Companies that instigate climate change initiatives and educate their employees about the complexities often have the highest level of engagement. For instance, NEC, the global IT company, believes that all of its employees should conduct their work with a high level of environmental awareness and has implemented various education and awareness raising programs to get them involved. In particular, all new employees experience environmental training, which is customized to their specific job function. This training ensures that employees understand how their own jobs directly relate to the wider environmental goals of the organization and their unique contribution to the process.
Measurement – if you don’t know your environmental impact how can you change it?
If employees don’t understand how their activities impact the environment, how can they be truly incentivized to change? Monitoring, recording and communicating the company’s impact on the environment are very important, alongside promoting employee change outside of the organization.
InterfaceFLOR has implemented a program that recognizes that organizations have a role to play in changing employee commuter habits and has thus extended its ‘Cool Carpet’ initiative, by adding another program called ‘Cool Co2mmute’. The program provides employees with a carbon calculator that allows them to measure the level of carbon emissions resulting from their commute and take measures to reduce them. For the proportion of emissions that cannot be reduced, employees can purchase carbon offsets and InterfaceFLOR provides a contribution to the overall cost.
Participation – Reinforcement, recognition and reward
The concept of reducing emissions needs to filter through the whole organization in order to achieve a company’s defined carbon emission objectives. If real behavioral change is to be achieved and sustained over the longer term, reinforcement, recognition and reward of those behaviors needs to continually take place.
WSP was the first company in the world to develop a personal carbon trading program for its employees, the ‘Personal Carbon Allowance Trading’ (PACT). This involved employees signing up to the program on a voluntary basis, where WSP gave each employee a carbon allowance of 5.5 tonnes, together with an online tool to measure their carbon footprint from home, energy and travel over the course of the year. At the end of the year, staff that fall under this target, and so are in the carbon ‘black’, are paid 5p per kilo under the threshold, up to £100. Those in the carbon ‘red’ pay into the fund on the same basis. Spare funds are used to help staff be green at home and to make the scheme carbon neutral.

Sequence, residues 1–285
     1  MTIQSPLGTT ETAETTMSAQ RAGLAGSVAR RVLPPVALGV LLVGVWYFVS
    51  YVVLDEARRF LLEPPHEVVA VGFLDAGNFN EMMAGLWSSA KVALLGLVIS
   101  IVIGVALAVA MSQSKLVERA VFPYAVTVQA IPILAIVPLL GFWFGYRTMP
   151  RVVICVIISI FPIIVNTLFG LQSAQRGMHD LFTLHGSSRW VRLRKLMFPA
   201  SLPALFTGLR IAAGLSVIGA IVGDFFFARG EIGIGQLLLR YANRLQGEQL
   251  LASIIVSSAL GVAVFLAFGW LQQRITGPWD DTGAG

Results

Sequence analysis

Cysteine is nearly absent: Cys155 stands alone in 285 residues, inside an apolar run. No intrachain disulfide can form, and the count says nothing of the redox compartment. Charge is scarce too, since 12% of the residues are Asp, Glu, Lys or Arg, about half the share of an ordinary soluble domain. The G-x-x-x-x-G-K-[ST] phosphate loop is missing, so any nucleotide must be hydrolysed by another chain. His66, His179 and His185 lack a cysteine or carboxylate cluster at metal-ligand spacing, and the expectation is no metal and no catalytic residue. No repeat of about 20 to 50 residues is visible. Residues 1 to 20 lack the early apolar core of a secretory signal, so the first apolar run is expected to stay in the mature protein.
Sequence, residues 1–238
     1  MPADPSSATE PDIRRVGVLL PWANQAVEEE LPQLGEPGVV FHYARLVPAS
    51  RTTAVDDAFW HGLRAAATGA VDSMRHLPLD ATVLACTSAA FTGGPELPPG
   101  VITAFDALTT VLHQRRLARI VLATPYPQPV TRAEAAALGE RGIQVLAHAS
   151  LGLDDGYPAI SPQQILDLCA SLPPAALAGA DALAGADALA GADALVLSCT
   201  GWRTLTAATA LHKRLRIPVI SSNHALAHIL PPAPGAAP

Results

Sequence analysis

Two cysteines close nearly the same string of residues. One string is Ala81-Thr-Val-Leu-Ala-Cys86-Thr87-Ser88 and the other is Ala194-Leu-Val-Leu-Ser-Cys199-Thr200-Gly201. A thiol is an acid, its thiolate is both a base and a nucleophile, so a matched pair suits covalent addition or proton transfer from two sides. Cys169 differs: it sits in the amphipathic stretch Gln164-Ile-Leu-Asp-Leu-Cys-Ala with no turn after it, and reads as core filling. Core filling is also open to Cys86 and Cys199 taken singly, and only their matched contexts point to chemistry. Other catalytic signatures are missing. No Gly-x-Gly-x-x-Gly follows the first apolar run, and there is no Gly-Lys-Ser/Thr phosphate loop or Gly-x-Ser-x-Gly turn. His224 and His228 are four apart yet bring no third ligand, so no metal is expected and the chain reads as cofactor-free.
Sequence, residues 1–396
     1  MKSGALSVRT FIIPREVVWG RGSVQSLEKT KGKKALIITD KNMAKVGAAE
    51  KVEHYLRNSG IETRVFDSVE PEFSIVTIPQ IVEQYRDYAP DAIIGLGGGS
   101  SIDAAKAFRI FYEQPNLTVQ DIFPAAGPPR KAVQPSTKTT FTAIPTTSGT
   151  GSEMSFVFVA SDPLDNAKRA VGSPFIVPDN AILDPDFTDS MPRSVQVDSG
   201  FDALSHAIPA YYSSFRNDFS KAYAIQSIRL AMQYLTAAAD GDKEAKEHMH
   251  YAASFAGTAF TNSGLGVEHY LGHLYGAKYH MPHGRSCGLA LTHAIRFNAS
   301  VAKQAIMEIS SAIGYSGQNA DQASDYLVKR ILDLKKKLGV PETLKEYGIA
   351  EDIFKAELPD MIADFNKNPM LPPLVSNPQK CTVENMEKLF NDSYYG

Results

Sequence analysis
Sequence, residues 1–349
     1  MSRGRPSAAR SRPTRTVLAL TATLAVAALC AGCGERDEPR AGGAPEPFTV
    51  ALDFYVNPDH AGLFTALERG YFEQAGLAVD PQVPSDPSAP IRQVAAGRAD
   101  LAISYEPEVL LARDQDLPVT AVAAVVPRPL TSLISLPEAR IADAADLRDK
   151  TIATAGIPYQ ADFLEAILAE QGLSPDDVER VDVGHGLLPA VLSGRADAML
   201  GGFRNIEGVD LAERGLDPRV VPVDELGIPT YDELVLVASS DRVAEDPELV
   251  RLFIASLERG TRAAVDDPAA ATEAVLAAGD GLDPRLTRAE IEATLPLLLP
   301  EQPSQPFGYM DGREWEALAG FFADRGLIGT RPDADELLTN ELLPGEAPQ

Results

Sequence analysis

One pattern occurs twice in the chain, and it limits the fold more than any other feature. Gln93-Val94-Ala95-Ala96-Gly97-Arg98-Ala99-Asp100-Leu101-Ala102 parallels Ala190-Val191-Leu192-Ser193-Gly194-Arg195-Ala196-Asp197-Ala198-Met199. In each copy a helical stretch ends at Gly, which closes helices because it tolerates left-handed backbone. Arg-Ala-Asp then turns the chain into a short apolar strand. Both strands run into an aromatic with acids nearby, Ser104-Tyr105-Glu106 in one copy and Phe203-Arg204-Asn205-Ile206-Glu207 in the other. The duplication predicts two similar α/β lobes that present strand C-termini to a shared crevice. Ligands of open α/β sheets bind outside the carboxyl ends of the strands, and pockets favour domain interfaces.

Every organization is different, and to engage employees effectively around a climate change and carbon reduction program, a company needs to tailor a strategy that ultimately works for them.
However, there are ten clear elements that must be considered:
–For employees to really ‘believe and buy-in’ the drive needs to come from the board level.
–Be clear about the organization’s motivations and ensure every claim will stand up to scrutiny.
–Get the mix and the timing of internal communications right.
–Be consistent, logical and holistic – eliminate contradictory signals.
–Ensure that the messages conveyed to employees are coherent and that your internal and external faces are aligned.
–Educate employees to guarantee buy-in and stimulate real behavior changes.
–Make it simple and easy for employees to understand and appreciate.
–Be open, honest and transparent.
–The positive impacts from changes in behavior must be communicated to the staff.
–Make it fun. Reducing your emissions should be an enjoyable, uplifting experience.
Rachel Mountain is head of global marketing at EcoSecurities.